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A question about light

  1. Jul 25, 2003 #1
    the next statement was in wikipedia:"LQG predicts that more energetic photons should travel ever so slightly faster than less energetic photons. "
    does it imply faster than light speed? (i dont think so because lqg attempts to unite between GR and QM).

    here's the link:http://www.wikipedia.org/wiki/Loop_quantum_gravity
     
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  3. Jul 25, 2003 #2

    marcus

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    This is right. The ongoing experimental tests of LQG and some expected in the near-term future are discussed on pages 18-20
    of Smolin's recent review article
    http://arxiv.org/hep-th/0303185

    This is a very interesting section of the survey called
    "The near term experimental situation"

    The predicted dispersion is so slight that it can only be tested over cosmological distances using very high energy photons so the most promising method is by observing gamma ray bursts (GRB). Smolin gives these references:

    G. Amelino-Camelia, John Ellis, et al "Potential Sensitivity of Gamma-Ray Burster Observations to Wave Dispersion in Vacuo
    http://arxiv.org/astro-ph/9712103 (published in Nature in 1998)

    J. P. Norris et al "GLAST, GRBs, and Quantum Gravity"
    http://arxiv.org/astro-ph/9912136

    John Ellis et al "Quantum Gravity Analysis of Gamma-Ray Bursts using Wavelets"
    http://arxiv.org/astro-ph/0210124
     
    Last edited: Jul 25, 2003
  4. Jul 25, 2003 #3
    doesnt this dissobey the postulate in relativity that the speed of light is constant?
     
  5. Jul 25, 2003 #4

    marcus

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    the dispersion relation

    This is a fascinating area. It is not unreasonable to expect physics at planck scale (e.g. very high energies, small distances) to diverge from the everyday and classical. But there is a scarcity of ways to test LQG because the planck scale is so small and so high-energy.
    One cannot just build an accelerator to get things up to planck energy, it is too high!
    But by being clever one can nevertheless find ways to test the theory. And already people are doing that! Here is what Smolin says on page 17,

    "It turns out that this has consequences for the question of whether special relativity, and lorentz invariance, is exactly true in nature, or is only an approximation which holds on scales much longer than the Planck scale [28]-[40]. Several recent calculations...yield predictions for modifications to the energy momentum relations for elementary particles. These are of the form,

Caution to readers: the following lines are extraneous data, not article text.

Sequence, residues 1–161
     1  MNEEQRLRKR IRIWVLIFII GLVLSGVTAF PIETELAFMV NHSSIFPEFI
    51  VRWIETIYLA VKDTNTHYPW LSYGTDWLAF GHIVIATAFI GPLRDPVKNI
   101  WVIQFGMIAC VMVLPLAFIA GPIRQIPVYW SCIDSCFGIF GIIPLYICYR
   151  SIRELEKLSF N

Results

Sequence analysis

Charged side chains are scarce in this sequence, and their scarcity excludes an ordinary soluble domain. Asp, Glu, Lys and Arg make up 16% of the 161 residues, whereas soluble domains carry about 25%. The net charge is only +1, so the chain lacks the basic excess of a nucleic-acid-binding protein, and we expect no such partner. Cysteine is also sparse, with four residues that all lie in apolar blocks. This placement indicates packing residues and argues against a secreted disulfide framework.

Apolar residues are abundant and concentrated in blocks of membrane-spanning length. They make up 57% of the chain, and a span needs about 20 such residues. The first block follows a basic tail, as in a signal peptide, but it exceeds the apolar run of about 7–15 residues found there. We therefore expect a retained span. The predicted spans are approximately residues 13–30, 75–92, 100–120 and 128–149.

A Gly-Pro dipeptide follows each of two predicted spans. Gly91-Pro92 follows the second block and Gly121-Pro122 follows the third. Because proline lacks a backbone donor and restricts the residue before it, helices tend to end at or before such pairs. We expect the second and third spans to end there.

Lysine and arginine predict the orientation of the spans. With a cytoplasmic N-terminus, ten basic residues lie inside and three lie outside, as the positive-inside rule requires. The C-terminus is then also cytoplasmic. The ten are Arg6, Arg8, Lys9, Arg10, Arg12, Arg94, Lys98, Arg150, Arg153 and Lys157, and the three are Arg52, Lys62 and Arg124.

E2 = p2 + M2 + αE3 + βE4

    where predictions have been found for the leading coefficients α, which generally depend on spin and helicity [36]-[38]..."

    The GRB observations are trying to find a bound on this α parameter.
     
    Last edited: Jul 25, 2003
  6. Jul 25, 2003 #5

    marcus

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    It certainly does. I would assume that only the low-energy limit is constant. This is true about several basic constant---there is divergence from them at very high energy or at very small scale.
    The postulates of special relativity are not sacred and
    even in general relativity already one finds that special relativity is just a very good local approximation.

    so there are some very tiny divergences which it looks like it will be possible to test maybe even within the next 5 years
     
  7. Jul 25, 2003 #6

    marcus

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    Re: the dispersion relation

    When I quoted from Smolin just now I left out some units, Planck length lPl and Planck area l2Pl Here is the same thing with these very small quantities inserted,

    "It turns out that this has consequences for the question of whether special relativity, and lorentz invariance, is exactly true in nature, or is only an approximation which holds on scales much longer than the Planck scale [28]-[40]. Several recent calculations...yield predictions for modifications to the energy momentum relations for elementary particles. These are of the form,

    E2 = p2 + M2 + αlPl E3 + β l2Pl E4

    where predictions have been found for the leading coefficients α, which generally depend on spin and helicity [36]-[38]..."

    I gather that the predicted values of alpha are no larger than order one. So since alpha gets multiplied by Planck length, in the energy momentum relation, and Planck length is around 10-35 in metric terms, the effect is miniscule. One apparently only expects it to show up in high energy light that has traveled very long distances (to allow for higher energy photons to get slightly ahead of the pack). The situation is reminiscent of back around 1919 when Eddington went and measured the bending of light around the sun during an eclipse. But so far the observations of gamma ray bursts are not sufficiently precise, so we have to wait.
     
    Last edited: Jul 25, 2003
  8. Jul 26, 2003 #7
    another thing doesnt lqg contradicts itself by predicting a speed greater than the speed of light (because one of it's parts are GR and its postulate that the speed of light is constant)?
     
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